Adrienne Concra is the president of Adrienne Concra Design, a consultancy that develops textile collections and products for Carleton V, Victoria Hagan Home, M & J Décor, Jane Shelton, Parry Murray, Valdese Weavers, Nordstrom Home, Crate and Barrel, Martha Stewart, Cowtan & Tout, and many other companies. In her decades in textile design, she has worked at every job in the business, from a stylist at a textile mill to a vice president of design at a top textile supplier. As an instructor at NYSID, she teaches the Textiles for Interiors to both graduate and undergraduates students.
What do you do as a design consultant for textile wholesalers and retailers?
It depends on the client’s needs. In some cases, you are establishing the whole design and color direction for a collection, so you must understand and project the company’s brand through the look and feel of the entire collection. You develop concepts and source fabrics from mills in Italy, India or other countries. In other cases, you are designing a product from the ground-up, considering the design, fabric construction, fiber content, and end use.
What do students learn in your Textiles for Interiors class?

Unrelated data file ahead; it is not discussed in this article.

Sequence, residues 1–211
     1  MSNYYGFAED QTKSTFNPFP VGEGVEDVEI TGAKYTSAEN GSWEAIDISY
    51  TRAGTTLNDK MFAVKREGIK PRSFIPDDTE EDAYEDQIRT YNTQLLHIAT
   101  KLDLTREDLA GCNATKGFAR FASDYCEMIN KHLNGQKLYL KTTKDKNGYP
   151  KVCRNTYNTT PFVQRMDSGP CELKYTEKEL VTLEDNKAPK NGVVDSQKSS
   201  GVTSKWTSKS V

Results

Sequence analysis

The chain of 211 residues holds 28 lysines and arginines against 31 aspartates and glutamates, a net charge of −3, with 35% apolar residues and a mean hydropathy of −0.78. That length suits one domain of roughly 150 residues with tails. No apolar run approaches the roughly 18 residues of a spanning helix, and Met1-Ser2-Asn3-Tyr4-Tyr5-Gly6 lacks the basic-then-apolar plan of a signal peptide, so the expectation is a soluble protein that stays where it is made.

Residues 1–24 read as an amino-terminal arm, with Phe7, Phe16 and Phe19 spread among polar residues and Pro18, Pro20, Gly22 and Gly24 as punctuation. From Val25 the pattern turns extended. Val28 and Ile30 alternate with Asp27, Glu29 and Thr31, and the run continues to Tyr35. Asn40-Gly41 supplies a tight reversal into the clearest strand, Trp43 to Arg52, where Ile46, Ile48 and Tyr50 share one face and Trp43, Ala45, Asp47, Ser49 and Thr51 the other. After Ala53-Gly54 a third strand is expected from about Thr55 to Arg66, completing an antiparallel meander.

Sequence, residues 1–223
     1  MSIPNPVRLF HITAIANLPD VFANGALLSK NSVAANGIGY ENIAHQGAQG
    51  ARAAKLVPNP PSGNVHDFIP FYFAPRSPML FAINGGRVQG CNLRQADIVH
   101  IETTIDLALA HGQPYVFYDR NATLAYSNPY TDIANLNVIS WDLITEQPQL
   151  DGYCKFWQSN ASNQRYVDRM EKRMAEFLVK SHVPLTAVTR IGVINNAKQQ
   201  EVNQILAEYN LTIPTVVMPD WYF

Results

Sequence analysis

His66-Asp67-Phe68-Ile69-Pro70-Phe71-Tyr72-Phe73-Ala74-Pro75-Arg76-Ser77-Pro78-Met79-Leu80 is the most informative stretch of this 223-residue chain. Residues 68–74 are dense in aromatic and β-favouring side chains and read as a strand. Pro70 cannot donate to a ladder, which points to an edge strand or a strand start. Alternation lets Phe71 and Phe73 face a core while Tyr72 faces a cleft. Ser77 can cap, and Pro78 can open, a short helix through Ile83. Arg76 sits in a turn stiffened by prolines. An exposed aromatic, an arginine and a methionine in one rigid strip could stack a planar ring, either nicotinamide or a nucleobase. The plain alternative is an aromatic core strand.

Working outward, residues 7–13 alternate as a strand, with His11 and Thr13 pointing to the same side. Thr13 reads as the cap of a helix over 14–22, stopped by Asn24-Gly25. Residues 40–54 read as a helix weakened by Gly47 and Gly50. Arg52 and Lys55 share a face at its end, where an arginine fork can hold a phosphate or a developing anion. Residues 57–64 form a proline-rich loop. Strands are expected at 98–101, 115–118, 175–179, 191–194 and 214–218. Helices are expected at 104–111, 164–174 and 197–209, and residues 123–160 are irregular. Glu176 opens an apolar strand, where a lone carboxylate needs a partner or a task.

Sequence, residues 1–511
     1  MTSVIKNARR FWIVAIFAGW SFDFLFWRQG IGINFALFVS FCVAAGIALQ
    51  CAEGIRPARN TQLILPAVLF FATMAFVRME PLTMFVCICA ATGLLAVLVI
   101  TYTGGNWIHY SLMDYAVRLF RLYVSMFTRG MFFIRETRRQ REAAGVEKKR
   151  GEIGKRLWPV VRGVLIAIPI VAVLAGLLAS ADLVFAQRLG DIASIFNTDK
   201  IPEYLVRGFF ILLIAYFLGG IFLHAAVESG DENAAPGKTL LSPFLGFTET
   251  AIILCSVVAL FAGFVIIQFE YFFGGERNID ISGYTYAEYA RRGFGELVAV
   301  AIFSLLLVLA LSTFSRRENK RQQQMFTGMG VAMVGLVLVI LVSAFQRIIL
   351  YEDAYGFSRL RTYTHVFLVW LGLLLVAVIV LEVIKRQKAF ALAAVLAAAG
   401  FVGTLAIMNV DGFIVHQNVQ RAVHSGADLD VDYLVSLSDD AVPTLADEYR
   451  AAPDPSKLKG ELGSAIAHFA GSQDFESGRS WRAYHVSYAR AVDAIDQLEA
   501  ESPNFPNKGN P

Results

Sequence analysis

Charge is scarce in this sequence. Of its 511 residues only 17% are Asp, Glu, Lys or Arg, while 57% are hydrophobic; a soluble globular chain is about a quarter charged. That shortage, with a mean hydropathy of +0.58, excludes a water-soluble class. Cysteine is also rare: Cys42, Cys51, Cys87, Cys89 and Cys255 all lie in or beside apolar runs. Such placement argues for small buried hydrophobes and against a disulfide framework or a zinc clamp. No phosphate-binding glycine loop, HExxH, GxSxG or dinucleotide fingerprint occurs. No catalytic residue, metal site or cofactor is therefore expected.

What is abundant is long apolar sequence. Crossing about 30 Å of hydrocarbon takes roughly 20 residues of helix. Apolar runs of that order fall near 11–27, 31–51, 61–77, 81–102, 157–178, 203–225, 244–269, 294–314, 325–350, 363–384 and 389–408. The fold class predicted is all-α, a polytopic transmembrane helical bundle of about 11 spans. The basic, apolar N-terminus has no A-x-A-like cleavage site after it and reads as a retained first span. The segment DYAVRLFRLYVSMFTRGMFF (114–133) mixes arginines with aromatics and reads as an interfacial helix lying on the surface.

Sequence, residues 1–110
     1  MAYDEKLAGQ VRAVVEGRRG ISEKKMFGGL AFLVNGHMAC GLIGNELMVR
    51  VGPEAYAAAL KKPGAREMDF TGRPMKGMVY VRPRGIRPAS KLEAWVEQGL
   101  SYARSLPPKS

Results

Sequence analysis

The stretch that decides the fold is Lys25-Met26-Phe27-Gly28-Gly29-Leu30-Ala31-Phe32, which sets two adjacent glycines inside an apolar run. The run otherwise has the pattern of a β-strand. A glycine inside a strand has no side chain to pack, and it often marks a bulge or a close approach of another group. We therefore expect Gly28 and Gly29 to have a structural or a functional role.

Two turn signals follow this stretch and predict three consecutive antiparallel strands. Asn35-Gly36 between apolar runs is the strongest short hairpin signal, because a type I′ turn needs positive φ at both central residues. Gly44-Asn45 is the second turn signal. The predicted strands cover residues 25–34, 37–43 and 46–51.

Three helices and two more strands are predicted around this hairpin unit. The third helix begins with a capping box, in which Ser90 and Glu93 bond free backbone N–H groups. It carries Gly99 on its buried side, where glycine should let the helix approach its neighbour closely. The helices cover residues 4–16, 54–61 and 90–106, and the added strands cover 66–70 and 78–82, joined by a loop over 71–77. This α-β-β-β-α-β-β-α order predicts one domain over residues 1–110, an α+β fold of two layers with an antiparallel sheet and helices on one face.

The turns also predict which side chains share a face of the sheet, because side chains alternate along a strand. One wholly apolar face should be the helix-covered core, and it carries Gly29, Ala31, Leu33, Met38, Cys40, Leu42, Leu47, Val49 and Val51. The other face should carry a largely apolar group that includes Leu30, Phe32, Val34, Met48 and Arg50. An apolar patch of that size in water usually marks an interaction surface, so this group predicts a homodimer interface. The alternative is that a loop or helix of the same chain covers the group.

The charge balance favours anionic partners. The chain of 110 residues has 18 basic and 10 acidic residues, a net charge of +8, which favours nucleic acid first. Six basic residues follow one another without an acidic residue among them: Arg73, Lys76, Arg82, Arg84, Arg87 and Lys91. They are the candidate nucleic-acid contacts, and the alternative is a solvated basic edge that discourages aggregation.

The structure of the class is really special. I teach part one of the class, which focuses on the science of textiles: fiber, yarn, weaving and more. Then, different experts from the field come in to lecture, each offering a different wedge of the pie. Catherine Croner from Cowtan & Tout talks about printed textiles. Lisa Wilkes from Kravet talks about trimmings. Jodi Xuerub does the upholstery lecture and actually cuts a chair in half to show the different layers of fine furniture. Students get practical information from people in the field about how textiles perform and what is going to satisfy a customer and be appropriate for a particular project.
What do you love about teaching?
I love teaching the hands-on, practical realities of textiles. My students learn that wool fiber has what’s known as “crimp” so they have a visual understanding of what gives wool fabrics and carpeting resilience. I want my students to understand why they respond to a fabric. Other than the design, what role does the fiber or the finish play in their decision? They need to have a tactile and scientific knowledge of these details in order to make wise textile choices for their clients. Textiles are part of life from the time you are born. It’s an enriching and ancient art form.
What is new and trendy in textiles now?
What I see is a general trend toward designs with soft edges. Dip-dyed items for the home are in style. In fact, my daughter and I were just dip-dying tights this weekend, going for those subtle, faded graduations of color that are so trendy right now. I am working on a large scale design inspired by shibori, a Japanese form of tie dye. “Ikat” has been big for quite some time, but the designs are moving from ethnic forms to more traditional shapes, such as damask or floral designs abstracted with a watercolor effect. We use digital printing to capture the complexities of these designs techniques. The trends change constantly, but when you are immersed in textiles you start to recognize the next big thing before it hits.